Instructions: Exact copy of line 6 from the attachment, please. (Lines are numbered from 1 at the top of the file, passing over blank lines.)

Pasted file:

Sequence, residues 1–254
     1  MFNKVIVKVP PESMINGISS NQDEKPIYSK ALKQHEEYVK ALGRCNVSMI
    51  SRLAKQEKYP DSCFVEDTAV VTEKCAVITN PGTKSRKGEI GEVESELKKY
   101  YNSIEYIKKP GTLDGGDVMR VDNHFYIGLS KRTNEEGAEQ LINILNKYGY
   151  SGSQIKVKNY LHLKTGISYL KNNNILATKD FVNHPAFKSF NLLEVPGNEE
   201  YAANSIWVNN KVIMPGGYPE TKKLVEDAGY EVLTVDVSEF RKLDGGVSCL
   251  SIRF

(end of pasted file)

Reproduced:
   201  YAANSIWVNN KVIMPGGYPE TKKLVEDAGY EVLTVDVSEF RKLDGGVSCL